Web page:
Quest for sacred beauty fuels architect’s painting
With sunlight peering in the front window of his Uptown home, preservation architect and artist David Dillard paints. He has spent the four months painting what he considers 14 of the most beautiful Catholic churches in the Archdiocese of New Orleans.
“We have a tremendous inventory of really fabulous churches in New Orleans that were built by extremely talented craftsmen,” he said. “I attribute it to the fact that during that time (when most were built), the craftsmen were immigrants from Germany and Ireland and places where they had practiced stone work, copper work and plaster. Most cities would be proud to have one church like St. Louis Cathedral. We have many.”
Dillard’s 18-by-24 inch oil paintings – under the working title “Architecture of the Spirit” – will be displayed July 7 from 6-9 p.m. at the Art Walk and through July 31 at Jean Bragg Gallery on Julia Street. He also will produce signed and numbered prints and remarks on archival-quality paper, with 10 percent of the proceeds benefiting the churches depicted.
“What we are thinking is that somebody got married in these churches and will want to buy the print, and the churches will benefit,” Dillard said.
Dillard is a Mississippi native who has been an architect for 29 years. He has a master’s in preservation studies and, for two decades has worked on restoring multiple churches throughout the country. He has done forensic architecture – inspecting churches for termite damage, water leaks, foundation and other structural problems – for Catholic Mutual insurance and for about 10 Catholic archdiocesan parishes. He also was the lead architect in the renovation of St. Thomas Church in Pointe-a-la-Hache after Hurricane Katrina.
Painting is nothing new for Dillard. It’s a childhood hobby fostered by his mother Marilyn Dillard, an art teacher. Ronna Harris at Newcomb College and local artist Phil Sandusky at the New Orleans Academy of Fine Arts also influenced what he calls his abstract realism style.
“The trick is if you see a painting that has too much detail it doesn’t look real,” Dillard said. “The reason – it doesn’t leave anything up to the brain to formulate. I was taught the Gestalt method of (describing the shadows and not-so-perfect lines on his St. Louis Cathedral painting). It lets your brain think it is seeing more than it is. Your brain wants to think it is seeing a realistic picture.”
He’s painted the gamut from portraits and architectural pieces to landscapes and still life. A portrait Dillard painted of his father, Judge W.O. Dillard, hangs in the Hinds County Chancery Courthouse in Mississippi.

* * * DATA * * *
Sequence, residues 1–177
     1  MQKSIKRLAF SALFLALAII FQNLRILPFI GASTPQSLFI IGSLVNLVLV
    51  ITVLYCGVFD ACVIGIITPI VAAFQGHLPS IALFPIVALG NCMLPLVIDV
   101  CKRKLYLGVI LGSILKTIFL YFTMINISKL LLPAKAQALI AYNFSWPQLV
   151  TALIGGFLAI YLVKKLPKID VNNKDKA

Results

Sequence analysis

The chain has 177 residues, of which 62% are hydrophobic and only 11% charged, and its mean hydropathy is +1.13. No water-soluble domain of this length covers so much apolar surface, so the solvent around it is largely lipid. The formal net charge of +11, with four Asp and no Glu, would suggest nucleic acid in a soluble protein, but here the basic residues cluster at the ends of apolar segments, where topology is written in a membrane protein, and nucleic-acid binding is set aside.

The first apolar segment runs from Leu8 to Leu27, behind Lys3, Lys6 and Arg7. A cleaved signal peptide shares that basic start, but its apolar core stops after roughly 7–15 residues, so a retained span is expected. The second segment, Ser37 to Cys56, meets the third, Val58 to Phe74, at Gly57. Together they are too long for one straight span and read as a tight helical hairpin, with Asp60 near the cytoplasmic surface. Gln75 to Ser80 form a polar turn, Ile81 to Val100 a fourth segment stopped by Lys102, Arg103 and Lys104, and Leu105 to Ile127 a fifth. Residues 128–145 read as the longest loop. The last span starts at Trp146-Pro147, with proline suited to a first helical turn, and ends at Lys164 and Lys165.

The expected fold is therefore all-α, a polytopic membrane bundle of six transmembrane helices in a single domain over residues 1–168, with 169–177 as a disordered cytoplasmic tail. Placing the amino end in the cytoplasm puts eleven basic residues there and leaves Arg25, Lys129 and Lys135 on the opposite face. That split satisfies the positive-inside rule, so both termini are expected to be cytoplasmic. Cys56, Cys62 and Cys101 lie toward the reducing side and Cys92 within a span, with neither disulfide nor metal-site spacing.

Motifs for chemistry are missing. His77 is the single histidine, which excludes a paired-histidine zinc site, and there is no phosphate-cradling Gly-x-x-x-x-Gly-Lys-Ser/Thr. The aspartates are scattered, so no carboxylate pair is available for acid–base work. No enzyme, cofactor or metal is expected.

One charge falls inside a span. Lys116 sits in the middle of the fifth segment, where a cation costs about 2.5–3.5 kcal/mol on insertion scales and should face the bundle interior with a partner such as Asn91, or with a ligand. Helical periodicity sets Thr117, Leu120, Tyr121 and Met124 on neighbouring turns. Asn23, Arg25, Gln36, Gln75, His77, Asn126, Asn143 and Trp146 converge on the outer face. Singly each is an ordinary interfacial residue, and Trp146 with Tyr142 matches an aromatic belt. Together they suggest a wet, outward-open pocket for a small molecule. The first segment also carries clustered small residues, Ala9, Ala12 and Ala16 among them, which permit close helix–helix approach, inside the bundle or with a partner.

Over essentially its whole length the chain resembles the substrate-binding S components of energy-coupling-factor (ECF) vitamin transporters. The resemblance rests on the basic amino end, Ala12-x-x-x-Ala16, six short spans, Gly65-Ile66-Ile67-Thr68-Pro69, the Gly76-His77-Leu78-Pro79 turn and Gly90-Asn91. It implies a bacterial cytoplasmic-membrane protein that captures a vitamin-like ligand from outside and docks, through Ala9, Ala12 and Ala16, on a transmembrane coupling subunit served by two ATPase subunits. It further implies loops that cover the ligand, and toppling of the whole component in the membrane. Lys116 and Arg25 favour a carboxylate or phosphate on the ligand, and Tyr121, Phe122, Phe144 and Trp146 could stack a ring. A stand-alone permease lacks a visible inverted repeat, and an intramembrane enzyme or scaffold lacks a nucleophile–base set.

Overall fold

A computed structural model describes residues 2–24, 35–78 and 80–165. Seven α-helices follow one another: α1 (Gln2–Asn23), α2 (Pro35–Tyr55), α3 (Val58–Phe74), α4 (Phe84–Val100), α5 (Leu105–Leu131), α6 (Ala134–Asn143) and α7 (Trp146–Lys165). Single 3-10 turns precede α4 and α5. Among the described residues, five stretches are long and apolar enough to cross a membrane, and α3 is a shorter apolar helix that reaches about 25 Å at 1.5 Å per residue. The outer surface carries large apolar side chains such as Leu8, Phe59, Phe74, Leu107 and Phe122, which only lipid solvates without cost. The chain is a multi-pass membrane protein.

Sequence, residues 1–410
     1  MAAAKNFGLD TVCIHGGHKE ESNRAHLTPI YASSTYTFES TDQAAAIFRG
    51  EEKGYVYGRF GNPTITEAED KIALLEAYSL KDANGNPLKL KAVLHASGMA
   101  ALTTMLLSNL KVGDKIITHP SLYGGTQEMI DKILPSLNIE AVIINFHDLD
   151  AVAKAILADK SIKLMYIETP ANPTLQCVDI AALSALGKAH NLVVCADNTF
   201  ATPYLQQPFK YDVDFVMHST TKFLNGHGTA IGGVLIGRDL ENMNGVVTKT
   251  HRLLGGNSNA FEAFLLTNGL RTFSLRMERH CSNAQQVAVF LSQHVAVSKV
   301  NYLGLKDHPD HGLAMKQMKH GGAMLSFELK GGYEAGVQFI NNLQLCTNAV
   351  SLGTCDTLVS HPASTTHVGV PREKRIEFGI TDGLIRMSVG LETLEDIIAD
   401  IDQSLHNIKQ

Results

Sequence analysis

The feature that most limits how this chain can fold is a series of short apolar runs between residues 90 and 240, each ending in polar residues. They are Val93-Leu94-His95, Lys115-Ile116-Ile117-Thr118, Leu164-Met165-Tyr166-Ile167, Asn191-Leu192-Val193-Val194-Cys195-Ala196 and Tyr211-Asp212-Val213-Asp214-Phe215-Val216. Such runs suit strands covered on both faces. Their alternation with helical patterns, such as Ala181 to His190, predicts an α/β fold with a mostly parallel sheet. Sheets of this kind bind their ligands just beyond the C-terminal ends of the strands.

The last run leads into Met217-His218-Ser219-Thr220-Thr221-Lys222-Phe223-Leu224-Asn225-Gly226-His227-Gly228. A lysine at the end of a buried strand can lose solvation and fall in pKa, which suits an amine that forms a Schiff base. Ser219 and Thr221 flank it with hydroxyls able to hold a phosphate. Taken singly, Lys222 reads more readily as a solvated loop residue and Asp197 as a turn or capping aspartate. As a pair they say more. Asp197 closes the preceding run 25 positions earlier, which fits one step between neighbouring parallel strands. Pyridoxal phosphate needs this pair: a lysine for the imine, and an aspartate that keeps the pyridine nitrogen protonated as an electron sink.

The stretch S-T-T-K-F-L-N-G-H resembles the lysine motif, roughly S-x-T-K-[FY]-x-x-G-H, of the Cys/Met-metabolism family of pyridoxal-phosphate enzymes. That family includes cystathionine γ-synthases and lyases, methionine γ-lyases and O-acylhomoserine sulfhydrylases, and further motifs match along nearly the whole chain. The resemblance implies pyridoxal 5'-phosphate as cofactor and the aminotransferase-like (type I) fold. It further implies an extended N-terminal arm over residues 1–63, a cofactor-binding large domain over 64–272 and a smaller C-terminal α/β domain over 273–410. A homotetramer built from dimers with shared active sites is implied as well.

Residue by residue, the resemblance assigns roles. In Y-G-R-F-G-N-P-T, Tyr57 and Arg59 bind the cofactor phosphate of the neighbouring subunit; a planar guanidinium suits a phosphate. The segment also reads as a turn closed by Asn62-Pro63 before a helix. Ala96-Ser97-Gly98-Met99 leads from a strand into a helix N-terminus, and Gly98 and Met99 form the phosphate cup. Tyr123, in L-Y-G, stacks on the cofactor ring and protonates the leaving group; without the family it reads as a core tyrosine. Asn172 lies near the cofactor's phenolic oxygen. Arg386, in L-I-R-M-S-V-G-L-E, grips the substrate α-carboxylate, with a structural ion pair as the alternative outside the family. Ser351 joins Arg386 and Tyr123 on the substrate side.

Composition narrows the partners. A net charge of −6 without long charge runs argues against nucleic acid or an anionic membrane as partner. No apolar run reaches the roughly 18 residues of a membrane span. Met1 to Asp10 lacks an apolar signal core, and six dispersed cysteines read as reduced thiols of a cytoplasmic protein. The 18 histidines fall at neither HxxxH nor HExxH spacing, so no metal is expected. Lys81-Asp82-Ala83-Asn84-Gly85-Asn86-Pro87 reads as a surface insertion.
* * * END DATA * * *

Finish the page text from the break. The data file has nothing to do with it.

Art embraces faith
Dillard, who grew up Episcopalian, became disillusioned with his denomination and converted to Catholicism in 2009. He went through RCIA at Immaculate Conception in New Orleans, where he is a parishioner.
“I felt like I was doing the right thing,” he said about converting. “The Catholic Church, in my opinion, is the only true religion left. I was attracted to the whole ambiance of the religion and the history, particularly the Jesuit history.”
His inspiration to capture Catholic churches on canvas came during Mass in Holy Rosary Church on Esplanade Avenue and after taking the nine-church walk on Good Friday touring St. Stephen’s, Immaculate Conception, St. Patrick, St. Henry, Our Lady of Good Counsel, St. Mary’s Chapel, St. Mary’s Assumption, St. Louis Cathedral and St. Theresa of Avila. He said some are majestic churches and others are not, but all are part of New Orleans’ history.
“I became fascinated with church architecture, wondering how in the world they got artists to work on those churches,” Dillard said. “I began to study Catholic Church architecture.”
Our Lady of the Rosary was among five additional churches he added with St. John the Baptist, Holy Name of Jesus, St. Joseph and St. Alphonsus. Holy Rosary was the first church he painted.
“I was sitting in church and noticing this amazing architecture,” he said.
His paintings are colorful
“Color is important,” Dillard said. “I mix a lot of color and blend them to achieve the effect I want.”
For example, he captured the golds and reds he saw on St. Patrick’s altar as light beamed through the stained-glass dome and hit the murals (seen in above photo).
To start the project, he took photographs of each church, and that allowed him to determine the scale and detail of a building. Then he sketched and painted details.
Dillard has been so fascinated with the project that he is not stopping at 14 churches.
“I anticipate continuing with this and venturing out to other cities and different denominations,” Dillard said. “This has been a really fun and inspiring project for me.”
To see more, visit www.david dillard.com.